As the Berlin Wall fell in Germany in 1989, Elvers recognized something lacking in the Carolina curriculum. “We were not teaching enough about what was going on in Europe and elsewhere,” he says.

Elvers changed that. He shifted from teaching operations to focusing on international studies. He created the initial undergraduate course in international business, and it was a game changer for Elvers – and the UBP. He has taught that class every semester since 1990, and he is not stopping there – he’s teaching it again in the 2018-19 academic year.

From 1990 to 2004, he taught 48 courses outside the U.S. in conjunction with the UNC Summer School and endorsed by the UNC Kenan-Flagler faculty. He took students to England, Germany and Belgium, and taught as a visiting professor in Nigeria, Germany, South Africa, England, Venezuela and Austria.

“By teaching in these different environments, I picked up different viewpoints,” says Elvers.

Going the extra mileDoug Elvers
Elvers also contributed through his research. His scholarship focused on job shop schedules and project management. When Dean Paul Rizzo asked the operations area to consider establishing a Center for Manufacturing Excellence, Elvers led the initiative. He surveyed all the manufacturing centers that existed at the time, published two papers and became a recognized expert in center organization and management.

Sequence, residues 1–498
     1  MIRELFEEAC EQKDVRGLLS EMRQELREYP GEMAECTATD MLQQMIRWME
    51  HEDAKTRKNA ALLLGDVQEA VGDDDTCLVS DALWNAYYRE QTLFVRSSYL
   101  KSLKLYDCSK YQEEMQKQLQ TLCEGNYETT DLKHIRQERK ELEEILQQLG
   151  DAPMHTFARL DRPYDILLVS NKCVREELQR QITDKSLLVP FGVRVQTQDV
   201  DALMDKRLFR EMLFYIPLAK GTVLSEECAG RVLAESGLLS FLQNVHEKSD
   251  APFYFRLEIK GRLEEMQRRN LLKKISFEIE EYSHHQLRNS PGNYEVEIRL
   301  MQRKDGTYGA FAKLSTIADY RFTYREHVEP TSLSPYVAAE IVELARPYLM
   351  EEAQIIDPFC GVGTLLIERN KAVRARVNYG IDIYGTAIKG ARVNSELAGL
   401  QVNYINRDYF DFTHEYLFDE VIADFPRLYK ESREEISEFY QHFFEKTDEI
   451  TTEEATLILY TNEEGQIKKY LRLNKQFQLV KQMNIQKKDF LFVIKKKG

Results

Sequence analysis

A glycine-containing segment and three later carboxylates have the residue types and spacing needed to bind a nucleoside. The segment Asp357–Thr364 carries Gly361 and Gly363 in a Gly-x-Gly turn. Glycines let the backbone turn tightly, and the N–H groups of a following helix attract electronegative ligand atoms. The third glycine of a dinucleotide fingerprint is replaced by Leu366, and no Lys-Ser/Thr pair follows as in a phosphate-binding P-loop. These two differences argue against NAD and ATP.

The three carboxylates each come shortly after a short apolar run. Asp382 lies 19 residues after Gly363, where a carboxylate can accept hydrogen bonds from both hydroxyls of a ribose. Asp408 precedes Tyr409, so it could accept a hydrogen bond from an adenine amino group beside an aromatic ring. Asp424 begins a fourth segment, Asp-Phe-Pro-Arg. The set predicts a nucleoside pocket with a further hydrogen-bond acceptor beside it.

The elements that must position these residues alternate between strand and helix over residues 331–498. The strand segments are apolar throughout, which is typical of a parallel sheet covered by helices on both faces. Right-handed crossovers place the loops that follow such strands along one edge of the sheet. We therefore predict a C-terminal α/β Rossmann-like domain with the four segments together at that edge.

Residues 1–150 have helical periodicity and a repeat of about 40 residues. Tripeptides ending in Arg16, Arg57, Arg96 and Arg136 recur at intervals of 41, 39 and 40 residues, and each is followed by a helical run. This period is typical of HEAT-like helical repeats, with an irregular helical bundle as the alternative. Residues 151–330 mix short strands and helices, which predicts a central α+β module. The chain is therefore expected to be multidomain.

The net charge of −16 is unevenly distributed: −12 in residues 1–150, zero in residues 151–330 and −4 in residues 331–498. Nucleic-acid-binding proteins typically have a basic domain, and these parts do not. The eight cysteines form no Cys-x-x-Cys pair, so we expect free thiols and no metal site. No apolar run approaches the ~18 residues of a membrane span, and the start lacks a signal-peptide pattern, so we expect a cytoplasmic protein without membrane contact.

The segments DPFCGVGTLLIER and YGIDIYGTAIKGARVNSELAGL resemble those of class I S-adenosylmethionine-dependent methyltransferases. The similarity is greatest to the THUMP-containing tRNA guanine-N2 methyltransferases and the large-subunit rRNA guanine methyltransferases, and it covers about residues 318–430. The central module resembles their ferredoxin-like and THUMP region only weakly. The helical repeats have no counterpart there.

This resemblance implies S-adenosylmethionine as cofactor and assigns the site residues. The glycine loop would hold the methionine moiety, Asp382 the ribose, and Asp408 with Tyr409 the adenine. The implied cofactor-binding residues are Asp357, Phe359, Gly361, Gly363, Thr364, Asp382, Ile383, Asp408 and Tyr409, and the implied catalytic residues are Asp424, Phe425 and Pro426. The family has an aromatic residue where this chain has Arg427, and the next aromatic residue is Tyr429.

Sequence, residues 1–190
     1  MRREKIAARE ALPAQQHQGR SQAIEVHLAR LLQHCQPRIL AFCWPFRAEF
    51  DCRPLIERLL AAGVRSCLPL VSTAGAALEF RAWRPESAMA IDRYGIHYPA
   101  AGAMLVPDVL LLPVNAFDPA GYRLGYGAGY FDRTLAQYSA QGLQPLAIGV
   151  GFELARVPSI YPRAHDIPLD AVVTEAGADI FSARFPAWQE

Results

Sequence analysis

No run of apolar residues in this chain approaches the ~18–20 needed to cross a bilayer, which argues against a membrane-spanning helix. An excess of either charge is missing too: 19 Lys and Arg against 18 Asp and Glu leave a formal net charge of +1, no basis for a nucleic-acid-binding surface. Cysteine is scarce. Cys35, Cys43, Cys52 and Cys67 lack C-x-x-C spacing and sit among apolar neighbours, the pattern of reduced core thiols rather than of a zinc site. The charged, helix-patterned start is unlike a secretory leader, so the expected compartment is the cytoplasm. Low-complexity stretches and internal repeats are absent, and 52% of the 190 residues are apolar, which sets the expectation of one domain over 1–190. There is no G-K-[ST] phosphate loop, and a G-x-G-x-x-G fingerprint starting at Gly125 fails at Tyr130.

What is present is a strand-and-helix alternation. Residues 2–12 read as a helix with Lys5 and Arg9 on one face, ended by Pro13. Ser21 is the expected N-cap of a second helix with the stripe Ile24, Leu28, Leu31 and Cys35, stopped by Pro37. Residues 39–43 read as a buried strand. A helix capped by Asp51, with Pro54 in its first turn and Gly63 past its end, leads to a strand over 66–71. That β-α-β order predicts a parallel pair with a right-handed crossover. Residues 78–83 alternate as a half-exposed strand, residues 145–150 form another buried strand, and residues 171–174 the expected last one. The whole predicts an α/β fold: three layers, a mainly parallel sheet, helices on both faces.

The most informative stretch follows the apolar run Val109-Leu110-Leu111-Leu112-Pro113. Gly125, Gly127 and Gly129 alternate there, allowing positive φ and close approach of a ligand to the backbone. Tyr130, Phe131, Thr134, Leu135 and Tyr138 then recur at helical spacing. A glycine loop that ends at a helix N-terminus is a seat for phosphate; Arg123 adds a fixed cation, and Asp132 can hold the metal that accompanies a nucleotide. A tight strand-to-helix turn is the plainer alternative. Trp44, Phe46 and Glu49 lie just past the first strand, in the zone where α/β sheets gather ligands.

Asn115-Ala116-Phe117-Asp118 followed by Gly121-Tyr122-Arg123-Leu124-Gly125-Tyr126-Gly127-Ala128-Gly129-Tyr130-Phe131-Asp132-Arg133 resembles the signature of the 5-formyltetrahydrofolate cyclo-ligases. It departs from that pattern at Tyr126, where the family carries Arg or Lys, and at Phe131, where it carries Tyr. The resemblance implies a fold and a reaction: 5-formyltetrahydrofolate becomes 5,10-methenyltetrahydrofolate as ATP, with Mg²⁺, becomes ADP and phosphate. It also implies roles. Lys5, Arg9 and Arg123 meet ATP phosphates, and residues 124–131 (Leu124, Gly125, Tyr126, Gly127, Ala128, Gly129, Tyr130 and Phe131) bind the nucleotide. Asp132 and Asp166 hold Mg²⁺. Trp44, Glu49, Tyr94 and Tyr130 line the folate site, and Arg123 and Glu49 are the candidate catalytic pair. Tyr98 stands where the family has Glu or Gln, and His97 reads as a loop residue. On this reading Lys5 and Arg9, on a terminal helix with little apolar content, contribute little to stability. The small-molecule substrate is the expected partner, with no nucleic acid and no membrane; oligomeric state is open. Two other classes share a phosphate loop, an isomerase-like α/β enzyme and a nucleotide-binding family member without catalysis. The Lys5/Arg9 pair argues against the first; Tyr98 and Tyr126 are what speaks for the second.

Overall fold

He taught eight different operations courses in the operations area, including business statistics and quantitative methods. And he won numerous awards, including the Tanner Award, the UNC Kenan-Flagler Undergraduate Teaching Award (now the Weatherspoon Award), Senior Class of 1994 Favorite Faculty Award and the Phi Beta Lambda Best Professor Award.

Devotion is a key word in Elvers’ life. It does not just apply to his role at UNC Kenan-Flagler. Having earned his BSME from Purdue University, his MBA from Indiana University and his PhD from University of Michigan, Elvers remains loyal to all three alma maters. Notably, he was the chief drum major of the Purdue “all American” Marching Band – who wowed the crowds with his ability to bend his back backwards – and still leads the alumni band for homecoming weekends.